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J Interprof Care ; 33(4): 361-368, 2019.
Artículo en Inglés | MEDLINE | ID: mdl-31106641


Following a history of the Australian health system and funding models, we outline workforce issues, in particular, the lack of health professionals in regional locations. The role of the Australian government health departments in workforce planning is discussed. We describe research funded by the Commonwealth government focussing on the development of interprofessional education (IPE) for collaborative practice. New models of interprofessional care have been introduced to help tackle the population needs: in the Australian Capital Territory (ACT); HealthOne in New South Wales; health-care homes nationally; and partnerships between pharmacists and general practitioners in Victoria. Changes in care delivery necessitate innovations in health education, however how IPE is embedded in Australian health professional education still varies. There is a growing sense of an IPE community complemented by an interest in IPE from peak policy and workforce bodies. There are changes underway in health professional registration and accreditation that are likely to regulate shared and common learning to enable the continuous development of a flexible, responsive and sustainable health workforce. We conclude that there are significant opportunities for further development of IPE and collaborative practice as key strategies for adding to the ability of health systems to address individual needs in conjunction with aiming for optimal and universal health coverage.

Acad Med ; 89(6): 869-75, 2014 Jun.
Artículo en Inglés | MEDLINE | ID: mdl-24871237


Health professionals need preparation and support to work in collaborative practice teams, a requirement brought about by an aging population and increases in chronic and complex diseases. Therefore, health professions education has seen the introduction of interprofessional education (IPE) competency frameworks to provide a common lens through which disciplines can understand, describe, and implement team-based practices. Whilst an admirable aim, often this has resulted in more confusion with the introduction of varying definitions about similar constructs, particularly in relation to what IPE actually means.The authors explore the nature of the terms competency and framework, while critically appraising the concept of competency frameworks and competency-based education. They distinguish between competencies for health professions that are profession specific, those that are generic, and those that may be achieved only through IPE. Four IPE frameworks are compared to consider their similarities and differences, which ultimately influence how IPE is implemented. They are the Interprofessional Capability Framework (United Kingdom), the National Interprofessional Competency Framework (Canada), the Core Competencies for Interprofessional Collaborative Practice (United States), and the Curtin University Interprofessional Capability Framework (Australia).The authors highlight the need for further discussion about establishing a common language, strengthening ways in which academic environments work with practice environments, and improving the assessment of interprofessional competencies and teamwork, including the development of assessment tools for collaborative practice. They also argue that for IPE frameworks to be genuinely useful, they need to augment existing curricula by emphasizing outcomes that might be attained only through interprofessional activity.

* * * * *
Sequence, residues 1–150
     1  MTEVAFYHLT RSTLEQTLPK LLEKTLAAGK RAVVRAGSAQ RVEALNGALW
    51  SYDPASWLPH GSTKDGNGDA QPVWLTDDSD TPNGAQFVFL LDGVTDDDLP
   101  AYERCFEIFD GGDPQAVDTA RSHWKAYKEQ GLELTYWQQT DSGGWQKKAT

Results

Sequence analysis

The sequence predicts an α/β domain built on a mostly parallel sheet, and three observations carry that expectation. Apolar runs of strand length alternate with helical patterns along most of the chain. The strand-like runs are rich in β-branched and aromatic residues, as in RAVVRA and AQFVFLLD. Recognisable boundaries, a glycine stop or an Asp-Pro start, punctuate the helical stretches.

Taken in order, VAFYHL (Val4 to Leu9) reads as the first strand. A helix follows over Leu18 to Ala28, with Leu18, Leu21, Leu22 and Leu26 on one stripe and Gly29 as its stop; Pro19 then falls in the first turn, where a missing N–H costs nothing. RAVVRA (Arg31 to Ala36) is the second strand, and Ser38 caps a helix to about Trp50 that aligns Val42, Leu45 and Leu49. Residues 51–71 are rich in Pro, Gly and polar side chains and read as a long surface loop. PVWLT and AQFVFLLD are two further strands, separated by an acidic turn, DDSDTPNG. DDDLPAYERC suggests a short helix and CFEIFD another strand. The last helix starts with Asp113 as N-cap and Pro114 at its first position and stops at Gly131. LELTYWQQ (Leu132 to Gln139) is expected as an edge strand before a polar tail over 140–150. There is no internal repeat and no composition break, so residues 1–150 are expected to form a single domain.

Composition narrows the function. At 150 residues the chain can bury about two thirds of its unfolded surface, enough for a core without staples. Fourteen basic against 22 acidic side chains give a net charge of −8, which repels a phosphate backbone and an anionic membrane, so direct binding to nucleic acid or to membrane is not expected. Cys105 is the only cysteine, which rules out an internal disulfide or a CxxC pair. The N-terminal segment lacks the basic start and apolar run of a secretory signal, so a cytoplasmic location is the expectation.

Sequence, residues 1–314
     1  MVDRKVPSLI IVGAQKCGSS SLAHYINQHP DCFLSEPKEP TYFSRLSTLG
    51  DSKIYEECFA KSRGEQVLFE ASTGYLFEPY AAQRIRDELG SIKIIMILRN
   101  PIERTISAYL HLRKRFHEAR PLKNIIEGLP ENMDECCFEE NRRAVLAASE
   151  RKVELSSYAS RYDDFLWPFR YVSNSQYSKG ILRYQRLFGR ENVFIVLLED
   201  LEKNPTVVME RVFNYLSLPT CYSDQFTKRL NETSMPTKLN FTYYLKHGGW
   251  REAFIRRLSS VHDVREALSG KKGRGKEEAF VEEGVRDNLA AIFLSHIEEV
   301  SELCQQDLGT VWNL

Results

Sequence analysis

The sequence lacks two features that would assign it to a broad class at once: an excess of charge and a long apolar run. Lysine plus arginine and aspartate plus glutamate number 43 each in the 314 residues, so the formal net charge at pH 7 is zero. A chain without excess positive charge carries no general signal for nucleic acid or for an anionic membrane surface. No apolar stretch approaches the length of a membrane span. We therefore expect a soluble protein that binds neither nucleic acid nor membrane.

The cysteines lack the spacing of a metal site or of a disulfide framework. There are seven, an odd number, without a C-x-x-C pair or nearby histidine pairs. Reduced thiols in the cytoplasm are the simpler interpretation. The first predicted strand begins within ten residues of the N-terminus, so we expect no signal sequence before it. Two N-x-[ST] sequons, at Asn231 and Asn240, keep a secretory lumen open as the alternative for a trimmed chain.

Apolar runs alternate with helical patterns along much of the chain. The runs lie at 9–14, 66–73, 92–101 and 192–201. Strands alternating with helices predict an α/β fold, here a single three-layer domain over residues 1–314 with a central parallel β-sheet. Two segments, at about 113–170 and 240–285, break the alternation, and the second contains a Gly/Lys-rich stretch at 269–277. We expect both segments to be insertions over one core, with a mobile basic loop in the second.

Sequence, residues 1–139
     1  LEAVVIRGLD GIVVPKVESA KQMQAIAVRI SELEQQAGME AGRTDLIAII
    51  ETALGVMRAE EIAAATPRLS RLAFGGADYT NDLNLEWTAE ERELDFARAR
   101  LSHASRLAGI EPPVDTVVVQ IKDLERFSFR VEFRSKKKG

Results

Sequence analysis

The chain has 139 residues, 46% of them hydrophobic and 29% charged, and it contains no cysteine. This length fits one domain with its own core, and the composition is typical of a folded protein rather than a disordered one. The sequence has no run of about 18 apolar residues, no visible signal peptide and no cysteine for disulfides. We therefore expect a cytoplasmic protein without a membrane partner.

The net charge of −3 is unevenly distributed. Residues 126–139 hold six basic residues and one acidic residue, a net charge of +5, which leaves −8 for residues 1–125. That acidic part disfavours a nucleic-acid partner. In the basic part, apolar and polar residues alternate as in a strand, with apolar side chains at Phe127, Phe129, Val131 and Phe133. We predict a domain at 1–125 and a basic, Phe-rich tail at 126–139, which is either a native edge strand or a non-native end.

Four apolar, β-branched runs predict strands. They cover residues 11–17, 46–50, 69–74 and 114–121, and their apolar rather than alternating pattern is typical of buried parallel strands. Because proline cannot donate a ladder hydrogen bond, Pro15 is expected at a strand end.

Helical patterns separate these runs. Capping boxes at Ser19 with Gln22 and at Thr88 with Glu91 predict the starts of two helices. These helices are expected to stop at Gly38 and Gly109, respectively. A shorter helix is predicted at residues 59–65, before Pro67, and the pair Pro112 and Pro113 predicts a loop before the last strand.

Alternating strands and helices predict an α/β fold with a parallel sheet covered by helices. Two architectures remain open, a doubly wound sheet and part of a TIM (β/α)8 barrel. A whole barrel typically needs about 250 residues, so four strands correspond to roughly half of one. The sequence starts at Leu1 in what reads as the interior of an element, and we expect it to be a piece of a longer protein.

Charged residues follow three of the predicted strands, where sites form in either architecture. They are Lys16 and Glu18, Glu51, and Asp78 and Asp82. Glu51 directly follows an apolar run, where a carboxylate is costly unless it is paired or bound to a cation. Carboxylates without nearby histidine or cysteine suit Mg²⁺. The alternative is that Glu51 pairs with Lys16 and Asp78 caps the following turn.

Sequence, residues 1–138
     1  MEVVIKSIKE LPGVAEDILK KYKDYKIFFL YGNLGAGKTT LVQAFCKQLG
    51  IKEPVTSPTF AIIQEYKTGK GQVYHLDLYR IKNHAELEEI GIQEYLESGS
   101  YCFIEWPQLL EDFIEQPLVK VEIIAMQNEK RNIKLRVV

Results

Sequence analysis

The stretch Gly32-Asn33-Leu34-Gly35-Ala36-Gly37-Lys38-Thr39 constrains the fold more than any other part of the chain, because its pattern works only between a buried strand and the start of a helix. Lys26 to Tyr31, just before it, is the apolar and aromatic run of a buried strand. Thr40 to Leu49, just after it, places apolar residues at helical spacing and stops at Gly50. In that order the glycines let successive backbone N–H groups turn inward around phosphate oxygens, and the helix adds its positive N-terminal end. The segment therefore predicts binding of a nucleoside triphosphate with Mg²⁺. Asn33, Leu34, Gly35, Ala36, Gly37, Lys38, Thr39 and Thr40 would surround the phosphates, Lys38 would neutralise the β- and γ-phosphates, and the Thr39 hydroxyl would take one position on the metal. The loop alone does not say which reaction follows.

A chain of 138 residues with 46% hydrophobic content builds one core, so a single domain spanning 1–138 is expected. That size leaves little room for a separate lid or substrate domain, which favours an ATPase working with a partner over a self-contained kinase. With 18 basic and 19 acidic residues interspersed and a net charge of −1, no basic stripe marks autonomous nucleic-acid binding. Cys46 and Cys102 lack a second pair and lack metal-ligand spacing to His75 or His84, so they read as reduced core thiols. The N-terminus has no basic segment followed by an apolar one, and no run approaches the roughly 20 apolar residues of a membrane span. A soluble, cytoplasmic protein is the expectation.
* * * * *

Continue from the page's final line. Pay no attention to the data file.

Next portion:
Educación Profesional/métodos , Personal de Salud/educación , Relaciones Interprofesionales , Grupo de Atención al Paciente , Competencia Profesional , Australia , Canadá , Conducta Cooperativa , Curriculum , Personal de Salud/organización & administración , Humanos , Grupo de Atención al Paciente/organización & administración , Reino Unido , Estados Unidos
Appl Nurs Res ; 27(2): 115-20, 2014 May.
Artículo en Inglés | MEDLINE | ID: mdl-24792131


PURPOSE: This paper reports on three interrelated Australian studies that provide a nationally coherent and evidence-informed approach to interprofessional education (IPE). Based on findings from previous studies that IPE tends to be marginalized in mainstream health curriculum, the three studies aspired to produce a range of resources that would guide the sustainable implementation of IPE across the Australian higher education sector. METHOD: Nine national universities, two peak industry bodies and a non-government organization constituted the study team. Data were gathered via a mixture of stakeholder consultations, surveys and interviews and analyzed using quantitative and qualitative methods. RESULTS & CONCLUSION: An important outcome was a curriculum renewal framework which has been used to explore the implications of the study's findings on Australian nursing. While the findings are pertinent to all health professions, nursing is well placed to take a leading role in establishing IPE as a central element of health professional education.

Curriculum , Educación en Enfermería/organización & administración , Educación en Salud , Relaciones Interprofesionales , Australia , Conducta Cooperativa , Educación en Salud/normas , Humanos , Grupo de Atención al Paciente/normas , Competencia Profesional/normas